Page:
William Pesek is an award-winning Tokyo-based journalist and author of “Japanization: What the World Can Learn from Japan’s Lost Decades.”
It is getting late, early, for Fumio Kishida’s stint as Japanese prime minister.
Sure, it is too soon to know if he will manage to contain COVID-19, remake the economy and protect Tokyo’s leadership role in Asia. But one key constituency may already be making a “fail” call: stock investors, many of them of the overseas variety. We should listen; they make a good point.
It is easy to understand why #KishidaShock is trending on social media. The Nikkei Stock Average surged to 31-year highs after former Prime Minister Yoshihide Suga announced his resignation in early September. The bet: that after 12 months of drift and timidity, Japan would name a focused reformer to succeed him.
Instead, we got a soft-spoken “consensus builder” who is as establishment as one finds in the ruling Liberal Democratic Party. LDP power brokers call Kishida the “safe” choice, as if that is a good thing. Is safe really what an aging economy being eclipsed by China needs?
Investors wanted Taro Kono, who until recently was the LDP’s vaccination czar. Kono, in their collective imagination, is a maverick leading the charge to digitalize a stubbornly paper-based economy where fax machines still sell briskly.
One can debate whether Kono is the disrupter of investor imaginations. But the aggressive continuity Kishida signifies can be seen in his choice of a cabinet sure to leave the economy neither shaken nor stirred.
Taro Aso hardly lit the world afire as finance minister for the past nine years. Maybe his brother-in-law, Shunichi Suzuki, can do better increasing competitiveness. Or not. The folks happiest about Japan’s new cabinet are investors shorting the Nikkei. This should be a loud wake-up call for the LDP.
Reboot, anyone? The mere suggestion might sound ridiculous considering Kishida is barely a week into his premiership, and 18 days away from leading his party to an Oct. 31 election that the LDP is sure to win. Still, investors writing “sell” tickets are an early warning that Kishida already seems destined for replacement 12 months from now. It makes you wonder if political benefactor Shinzo Abe and his cronies learned any lessons from their 2012-2020 tenure.
Kishida fell into the tax-hike trap that marred Abe’s economic legacy, and has already flip-flopped on talk of capital gains tax increases. When your two biggest ideas out of the gate are doubling down on nuclear power and tax increases, voters have even more reason to worry than investors.
Kono, remember, hoped to pivot to Japan becoming a renewable energy and digital economy powerhouse. Kishida’s pivot seems to be back to the 1990s. Or, depending on your reading, toward South Korea.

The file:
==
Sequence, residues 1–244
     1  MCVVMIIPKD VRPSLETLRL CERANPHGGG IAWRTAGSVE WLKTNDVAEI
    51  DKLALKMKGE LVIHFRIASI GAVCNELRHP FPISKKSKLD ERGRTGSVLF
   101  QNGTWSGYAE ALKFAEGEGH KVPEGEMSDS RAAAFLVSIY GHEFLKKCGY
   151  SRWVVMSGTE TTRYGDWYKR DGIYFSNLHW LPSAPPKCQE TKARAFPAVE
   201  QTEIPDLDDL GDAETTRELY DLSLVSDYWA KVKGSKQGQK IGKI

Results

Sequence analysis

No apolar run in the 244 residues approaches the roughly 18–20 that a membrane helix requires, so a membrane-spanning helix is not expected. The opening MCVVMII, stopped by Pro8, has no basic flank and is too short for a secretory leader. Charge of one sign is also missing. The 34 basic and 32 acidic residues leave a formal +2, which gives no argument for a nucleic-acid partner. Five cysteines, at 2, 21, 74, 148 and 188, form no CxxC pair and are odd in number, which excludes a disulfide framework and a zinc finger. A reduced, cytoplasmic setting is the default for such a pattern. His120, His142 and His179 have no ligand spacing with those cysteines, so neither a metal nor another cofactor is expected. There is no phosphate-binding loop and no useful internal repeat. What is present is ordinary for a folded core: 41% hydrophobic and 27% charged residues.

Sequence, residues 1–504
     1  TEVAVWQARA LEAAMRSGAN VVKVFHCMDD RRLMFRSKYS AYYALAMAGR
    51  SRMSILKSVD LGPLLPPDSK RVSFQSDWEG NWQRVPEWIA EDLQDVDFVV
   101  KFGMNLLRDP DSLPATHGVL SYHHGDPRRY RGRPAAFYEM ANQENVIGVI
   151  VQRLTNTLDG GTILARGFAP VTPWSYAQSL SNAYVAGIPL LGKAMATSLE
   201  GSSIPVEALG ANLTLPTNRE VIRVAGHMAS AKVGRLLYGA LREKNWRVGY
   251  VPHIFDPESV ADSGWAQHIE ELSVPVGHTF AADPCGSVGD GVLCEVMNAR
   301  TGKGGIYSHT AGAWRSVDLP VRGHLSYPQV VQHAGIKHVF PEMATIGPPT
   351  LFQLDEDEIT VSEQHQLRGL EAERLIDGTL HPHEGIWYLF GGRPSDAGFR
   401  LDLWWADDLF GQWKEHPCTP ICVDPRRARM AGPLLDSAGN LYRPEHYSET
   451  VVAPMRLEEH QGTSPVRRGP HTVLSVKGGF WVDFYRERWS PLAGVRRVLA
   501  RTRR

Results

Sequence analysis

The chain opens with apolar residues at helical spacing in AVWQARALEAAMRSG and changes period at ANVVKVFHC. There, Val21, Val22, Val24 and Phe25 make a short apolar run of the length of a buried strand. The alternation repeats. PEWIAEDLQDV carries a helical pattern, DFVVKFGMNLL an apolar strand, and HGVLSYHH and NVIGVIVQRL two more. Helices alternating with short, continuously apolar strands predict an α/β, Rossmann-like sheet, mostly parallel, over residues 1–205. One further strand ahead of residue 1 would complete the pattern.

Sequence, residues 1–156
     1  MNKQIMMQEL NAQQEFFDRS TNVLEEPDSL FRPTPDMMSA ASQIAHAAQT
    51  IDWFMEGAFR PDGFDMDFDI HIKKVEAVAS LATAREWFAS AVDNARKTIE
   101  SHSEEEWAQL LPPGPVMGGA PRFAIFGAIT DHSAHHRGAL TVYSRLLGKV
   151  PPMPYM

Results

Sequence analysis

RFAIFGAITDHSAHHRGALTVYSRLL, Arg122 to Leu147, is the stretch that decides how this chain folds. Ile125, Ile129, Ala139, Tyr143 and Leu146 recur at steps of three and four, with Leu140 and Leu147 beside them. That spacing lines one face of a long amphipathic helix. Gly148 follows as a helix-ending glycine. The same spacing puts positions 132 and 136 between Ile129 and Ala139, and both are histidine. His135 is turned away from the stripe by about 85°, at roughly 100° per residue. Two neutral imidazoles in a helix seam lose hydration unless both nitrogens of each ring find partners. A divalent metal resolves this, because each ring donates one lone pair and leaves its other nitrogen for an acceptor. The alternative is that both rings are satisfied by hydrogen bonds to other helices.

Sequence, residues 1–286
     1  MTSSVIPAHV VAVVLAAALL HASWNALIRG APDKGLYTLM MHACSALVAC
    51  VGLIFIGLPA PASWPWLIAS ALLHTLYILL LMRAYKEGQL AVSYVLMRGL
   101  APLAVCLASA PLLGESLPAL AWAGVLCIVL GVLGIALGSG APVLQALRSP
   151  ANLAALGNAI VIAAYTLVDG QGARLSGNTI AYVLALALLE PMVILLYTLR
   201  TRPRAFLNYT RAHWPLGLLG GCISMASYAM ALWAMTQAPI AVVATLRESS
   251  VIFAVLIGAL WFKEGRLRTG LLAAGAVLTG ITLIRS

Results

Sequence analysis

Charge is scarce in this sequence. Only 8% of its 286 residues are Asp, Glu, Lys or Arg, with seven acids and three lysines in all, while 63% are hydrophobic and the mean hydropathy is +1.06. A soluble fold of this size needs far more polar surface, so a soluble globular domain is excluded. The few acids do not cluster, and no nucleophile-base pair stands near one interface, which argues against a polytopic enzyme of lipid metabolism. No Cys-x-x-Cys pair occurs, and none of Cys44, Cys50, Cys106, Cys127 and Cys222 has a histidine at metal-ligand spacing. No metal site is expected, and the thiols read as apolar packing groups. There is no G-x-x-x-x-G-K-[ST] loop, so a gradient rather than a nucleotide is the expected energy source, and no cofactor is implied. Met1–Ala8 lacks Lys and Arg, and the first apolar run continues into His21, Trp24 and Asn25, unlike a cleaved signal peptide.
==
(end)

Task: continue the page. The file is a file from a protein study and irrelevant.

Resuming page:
Anyone keeping score in North Asia will be unimpressed by Kishida’s talk of a “new type of Japanese capitalism.” In Kishida’s telling, this means channeling more wealth to households and addressing Japan’s widening income gap. And that sounds great.
Until you consider that South Korea’s President Moon Jae-in has been running this same play since 2017 — and failing. Though Moon calls it “trickle-up growth,” the common thread between the strategies is vague talk that will accomplish little, if anything.
Consider it Kishida’s version of “buy my Abenomics” or make Japan’s women “shine.” Hollow slogans that posterity will not much remember. The hope, of course, is that Kishida will surprise us — “shock” is already taken. Yet nothing about his cabinet picks suggests a desire to upset the status quo.
Given the disarray among opposition parties, the looming general election is not a big challenge for the LDP. But Kishida’s real foe is the clock. Though Abe lasted nearly eight years, the six previous governments each lasted 12 months. So did Abe’s latest successor, Suga.
Abe’s mentor Junichiro Koizumi lasted five years, but the fast-turning revolving door before him saw a flurry of governments come and go. But Abe shattered the myth that if only a Japanese leader had enough time in office, big changes would follow.
After 2,821 days in office, Abe achieved little in terms of altering Japan’s longer-term trajectory. His moves to tighten corporate governance were helpful. Posterity may also be kind to Abe’s decision to hire Haruhiko Kuroda as Bank of Japan governor. But that sales tax hike in October 2019 will be remembered about as well as Abe’s obsequiousness toward former U.S. President Donald Trump.
Abe ignored economists’ warning that hiking taxes to 10% from 8% would be a mistake. The recession that followed put Japan on remarkably bad footing as the pandemic arrived.
The LDP’s obsession with taxes says much about why Japan’s dominant party is bad at economic retooling. For 30 years now, Tokyo politicians needed to take bold steps to cut bureaucracy, modernize labor markets, incentivize innovation, empower women and attract more foreign talent.
They also needed to generate growth organically, not merely prod the BOJ to print more yen. When Abe did get bold, it was pushing through two sales tax increases — in 2014 and 2019 — not cutting red tape.
Kishida is already reminding us that this pattern seems set to continue. Along with talk of tax hikes, his finance minister is already angling to weaken the yen to help exports. Longtime observers of the LDP will not be shocked, shocked to find the 1990s are back.